Changes to canola disease labeling systems, protocols and cultivar screening – which all work toward ensuring high quality canola can be produced with minimized disease pressure – are covered by the pathology sub-committee of the Western Canada Canola/Rapeseed Recommending Committee (WCC/RRC). A recent sub-committee meeting on February 2 included discussion and changes on:
Understanding blackleg resistance genes has been an industry priority. In 2017, the WCC/RRC introduced a blackleg major resistance gene (R-gene) identification system which provides more detail around a cultivar’s blackleg resistance rating. Blackleg major R-genes are classified based on interactions with Leptosphaeria maculans (blackleg causing species) avirulence genes. One change to the system has been the removal of resistance gene group H, and the addition of resistance gene LepR2 into resistance gene group G. Choosing cultivars based on their major resistance gene is most effective when the predominant L. maculans races are known in the field.
- RG A = Rlm1 or LepR3
- RG B = Rlm2
- RG C = Rlm3
- RG D = LepR1
- RG E1 = Rlm4
- RG E2= Rlm7
- RG F = Rlm9
- RG G = RlmS or LepR2
- RG X = unknown
Quantitative resistance is the other category of blackleg resistance. Due to its complexity, it is not as easily identified within a cultivar. The WCC/RRC pathology sub-committee has been reviewing protocols to be able to measure the quantitative resistance potential of a cultivar. Currently any claims of quantitative resistance are done through a standardized protocol. Cultivar promotions that use the terms Adult Plant Resistance (APR), minor genes, QTLs, or QR all refer to the cultivar’s quantitative resistance.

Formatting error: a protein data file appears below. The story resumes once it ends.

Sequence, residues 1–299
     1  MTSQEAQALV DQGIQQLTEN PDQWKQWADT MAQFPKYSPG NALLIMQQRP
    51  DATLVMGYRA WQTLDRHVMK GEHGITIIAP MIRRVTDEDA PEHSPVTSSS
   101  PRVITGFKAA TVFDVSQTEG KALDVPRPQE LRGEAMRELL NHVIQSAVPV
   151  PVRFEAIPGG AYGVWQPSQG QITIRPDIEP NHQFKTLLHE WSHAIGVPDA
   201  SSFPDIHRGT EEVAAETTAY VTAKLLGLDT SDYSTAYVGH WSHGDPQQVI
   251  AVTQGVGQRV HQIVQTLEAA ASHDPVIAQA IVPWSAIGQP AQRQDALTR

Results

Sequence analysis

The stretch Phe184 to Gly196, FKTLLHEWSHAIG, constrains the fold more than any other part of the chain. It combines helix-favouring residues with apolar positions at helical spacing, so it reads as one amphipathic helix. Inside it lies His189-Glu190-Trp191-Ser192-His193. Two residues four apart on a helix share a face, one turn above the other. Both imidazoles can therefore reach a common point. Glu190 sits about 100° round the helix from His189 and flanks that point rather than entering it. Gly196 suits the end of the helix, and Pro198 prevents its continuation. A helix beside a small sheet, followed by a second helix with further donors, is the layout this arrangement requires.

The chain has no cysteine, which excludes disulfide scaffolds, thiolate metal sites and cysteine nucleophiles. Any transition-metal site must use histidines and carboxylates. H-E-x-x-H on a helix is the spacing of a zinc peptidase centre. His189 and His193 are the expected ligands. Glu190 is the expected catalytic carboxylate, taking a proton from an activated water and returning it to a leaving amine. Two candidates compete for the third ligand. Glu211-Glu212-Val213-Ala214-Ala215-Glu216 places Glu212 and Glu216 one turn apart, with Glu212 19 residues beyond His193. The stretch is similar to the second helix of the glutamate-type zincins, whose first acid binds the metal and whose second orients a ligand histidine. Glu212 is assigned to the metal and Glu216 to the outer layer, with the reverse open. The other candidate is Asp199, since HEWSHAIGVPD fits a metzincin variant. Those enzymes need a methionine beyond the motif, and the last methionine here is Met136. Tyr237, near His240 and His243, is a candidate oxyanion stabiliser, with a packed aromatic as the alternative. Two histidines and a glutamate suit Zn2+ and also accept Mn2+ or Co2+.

To reduce the knowledge gap on verticillium stripe disease distribution and severity within Western Canada, a working group was assigned to develop a disease severity scale in time for use in the 2021 growing season.
The Clubroot Steering Committee presented new clubroot survey data and reviewed progress of the international initiative to harmonize nomenclature and curation of clubroot resistance (CR) genetics. This international initiative will improve communication and provide clarity for how clubroot resistance loci are named, and is expected to have a data table and a published manuscript available in the near future.
The CSC then proposed revisions for clubroot resistance screening guidelines, which will guide accurate CR screening for cultivar development and research. Because there are so many clubroot pathotypes, and those pathotypes exist in populations, there have been some unexpected outcomes when inoculum sources are maintained on different hosts. The revised clubroot resistance screening guidelines define new boundaries for trial design and were written by an impressive list of clubroot experts. These guidelines are being reviewed by the WCC/RRC pathology sub-committee and will be finalized/adopted by breeders and researchers for the 2021 growing season.